On the basis of a great show in the IPL, Nehra made a comeback to the team and was a regular in the ODIs from 2009 to 2011. His best performance was in the 2003 World Cup vs. England. His spell of 6-23 was magical indeed. From 2009-2011, he was India’s leading wicket taker in ODIs. But then suddenly, he was dumped. It’s fair to say that his services were dearly missed for the next few years.


The Madhya Pradesh swing bowler has been phenomenal in the Ranji Trophy. A bowling average of 25.46 just seconds that statement. Over the last couple of years, Pandey has time and again made an impression in the First Class arena. He was even picked in the Indian squad for the South Africa, New Zealand and England tests.

While the other bowlers were bludgeoned for runs, Ishwar just warmed the benches. It was a shameful sight to watch Ishwar just sitting inside the dressing room without even getting a game. He was benched for three consecutive tours.

His ability to swing the ball both ways is really good and can trouble the batsmen big time. The Indian side must give him a game at any cost as he has been great at the domestic level.


What more does a bowler need to do if he has 26 wickets in the last 11 innings he has bowled in at an economy rate of 4.67? This has exactly been the situation of Amit Mishra.

Mishra’s career has had a start and stop roller coaster so far. He plays a few games and is then benched throughout the series. Mishra has been up to the mark with whatever chances he has got. In ODIs, his wrist spin is simply too good for the batsmen to negate. The leggie from Haryana has been among the wickets in ODI’s in whatever games he has played. His bowling would have been really useful in the World Cup, had he been picked.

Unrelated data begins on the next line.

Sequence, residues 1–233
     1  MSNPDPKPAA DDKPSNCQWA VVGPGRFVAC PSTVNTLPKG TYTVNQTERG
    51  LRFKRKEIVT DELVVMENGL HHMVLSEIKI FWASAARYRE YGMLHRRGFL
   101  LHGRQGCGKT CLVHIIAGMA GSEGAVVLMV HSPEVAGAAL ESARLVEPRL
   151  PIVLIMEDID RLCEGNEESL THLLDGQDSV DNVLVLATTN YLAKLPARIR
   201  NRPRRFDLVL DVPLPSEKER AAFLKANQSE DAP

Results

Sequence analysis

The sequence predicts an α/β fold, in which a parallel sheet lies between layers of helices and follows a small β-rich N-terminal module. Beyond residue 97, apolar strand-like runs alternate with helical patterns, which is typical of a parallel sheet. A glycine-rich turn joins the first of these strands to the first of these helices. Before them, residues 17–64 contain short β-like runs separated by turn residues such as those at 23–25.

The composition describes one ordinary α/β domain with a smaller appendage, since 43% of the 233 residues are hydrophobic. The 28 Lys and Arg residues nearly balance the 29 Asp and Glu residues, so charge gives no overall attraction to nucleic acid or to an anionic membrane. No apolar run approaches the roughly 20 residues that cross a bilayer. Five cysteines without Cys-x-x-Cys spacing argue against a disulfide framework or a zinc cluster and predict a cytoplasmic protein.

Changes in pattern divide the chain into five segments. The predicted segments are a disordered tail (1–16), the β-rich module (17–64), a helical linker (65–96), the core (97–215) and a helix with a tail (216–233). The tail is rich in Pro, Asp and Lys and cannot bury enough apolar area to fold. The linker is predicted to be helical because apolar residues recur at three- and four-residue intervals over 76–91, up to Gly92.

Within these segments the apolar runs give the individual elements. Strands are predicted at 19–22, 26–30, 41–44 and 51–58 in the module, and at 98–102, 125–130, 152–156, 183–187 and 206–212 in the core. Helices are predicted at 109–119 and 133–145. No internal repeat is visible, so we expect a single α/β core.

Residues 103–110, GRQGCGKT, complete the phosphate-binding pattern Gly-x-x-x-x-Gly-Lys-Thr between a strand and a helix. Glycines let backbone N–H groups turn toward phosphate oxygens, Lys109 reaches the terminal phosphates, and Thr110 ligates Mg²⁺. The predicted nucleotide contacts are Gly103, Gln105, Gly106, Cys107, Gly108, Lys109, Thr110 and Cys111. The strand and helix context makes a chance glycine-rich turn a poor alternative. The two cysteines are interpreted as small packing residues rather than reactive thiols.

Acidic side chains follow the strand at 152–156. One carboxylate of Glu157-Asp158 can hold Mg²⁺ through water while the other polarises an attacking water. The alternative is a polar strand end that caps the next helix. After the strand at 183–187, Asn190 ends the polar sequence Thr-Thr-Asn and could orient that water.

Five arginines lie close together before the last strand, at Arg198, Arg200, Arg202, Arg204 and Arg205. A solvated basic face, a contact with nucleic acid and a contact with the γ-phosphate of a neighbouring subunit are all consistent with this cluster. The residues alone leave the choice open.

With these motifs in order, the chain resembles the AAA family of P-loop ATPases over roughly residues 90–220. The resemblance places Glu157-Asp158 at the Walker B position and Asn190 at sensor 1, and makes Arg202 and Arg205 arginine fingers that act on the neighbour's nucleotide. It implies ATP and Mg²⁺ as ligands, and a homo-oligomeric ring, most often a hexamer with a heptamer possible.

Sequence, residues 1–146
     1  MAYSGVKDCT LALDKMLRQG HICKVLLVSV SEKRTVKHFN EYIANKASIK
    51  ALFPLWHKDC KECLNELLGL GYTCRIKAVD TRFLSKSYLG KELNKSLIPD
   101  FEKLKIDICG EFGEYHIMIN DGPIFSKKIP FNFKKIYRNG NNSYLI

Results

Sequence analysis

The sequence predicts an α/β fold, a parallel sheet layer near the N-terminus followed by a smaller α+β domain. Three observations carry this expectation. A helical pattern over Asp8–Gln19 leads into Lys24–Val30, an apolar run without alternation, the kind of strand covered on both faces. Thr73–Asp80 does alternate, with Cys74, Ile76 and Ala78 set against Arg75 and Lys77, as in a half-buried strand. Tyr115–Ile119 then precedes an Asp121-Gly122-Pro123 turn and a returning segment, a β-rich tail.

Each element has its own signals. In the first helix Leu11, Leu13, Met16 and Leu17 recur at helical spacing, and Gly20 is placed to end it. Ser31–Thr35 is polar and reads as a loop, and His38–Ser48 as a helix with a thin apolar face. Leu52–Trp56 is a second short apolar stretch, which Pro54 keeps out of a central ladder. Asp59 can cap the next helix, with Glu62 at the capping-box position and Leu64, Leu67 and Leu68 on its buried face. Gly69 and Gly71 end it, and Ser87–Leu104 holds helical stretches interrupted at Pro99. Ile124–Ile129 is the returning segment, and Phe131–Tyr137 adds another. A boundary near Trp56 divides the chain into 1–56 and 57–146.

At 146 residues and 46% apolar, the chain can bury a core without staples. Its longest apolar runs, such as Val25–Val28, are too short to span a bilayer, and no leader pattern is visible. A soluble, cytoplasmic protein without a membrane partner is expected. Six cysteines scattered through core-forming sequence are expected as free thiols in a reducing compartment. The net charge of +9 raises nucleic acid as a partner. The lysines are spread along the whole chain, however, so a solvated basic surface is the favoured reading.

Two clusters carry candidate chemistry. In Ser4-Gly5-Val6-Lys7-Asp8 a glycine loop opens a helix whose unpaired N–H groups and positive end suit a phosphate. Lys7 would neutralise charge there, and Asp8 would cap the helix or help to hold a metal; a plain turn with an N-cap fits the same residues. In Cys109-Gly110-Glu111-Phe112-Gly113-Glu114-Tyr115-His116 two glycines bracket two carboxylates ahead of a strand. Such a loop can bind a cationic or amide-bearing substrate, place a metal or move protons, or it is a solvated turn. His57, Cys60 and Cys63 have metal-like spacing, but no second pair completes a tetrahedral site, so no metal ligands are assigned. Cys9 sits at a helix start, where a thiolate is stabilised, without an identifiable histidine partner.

During the English summer of 2014, there was a special mention given to an “Unlucky Pankaj”. The person was none other than the Rajasthan pacer Pankaj Singh. Towering over six feet and with muscular shoulders, Pankaj has all the qualities of an ideal fast bowler. He has been in the domestic scene for more than a decade now.

After relentlessly bowling day and day out, he was finally selected to play for India for the England tour. He made his much awaited debut in the third test at Southampton. In his first spell itself, a sitter of Alastair Cook was put down by Ravindra Jadeja. Yet, Pankaj did not lose hope and bowled his heart out. Then against Ian Bell, a dead plumb shout for LBW was ignored by the umpire. Singh was criminally robbed of two wickets.

He was wicket-less in the first game and could get a wicket only in the second game. As cruel fate would have it, he was dropped for the Australia tour. Pankaj must be given a chance to prove as he has the talent to succeed. The rest lies in the hands of the BCCI.

Had these bowlers played for India more frequently, the results would have been much better. However, it is never too late and the BCCI can surely wake up from its sleep.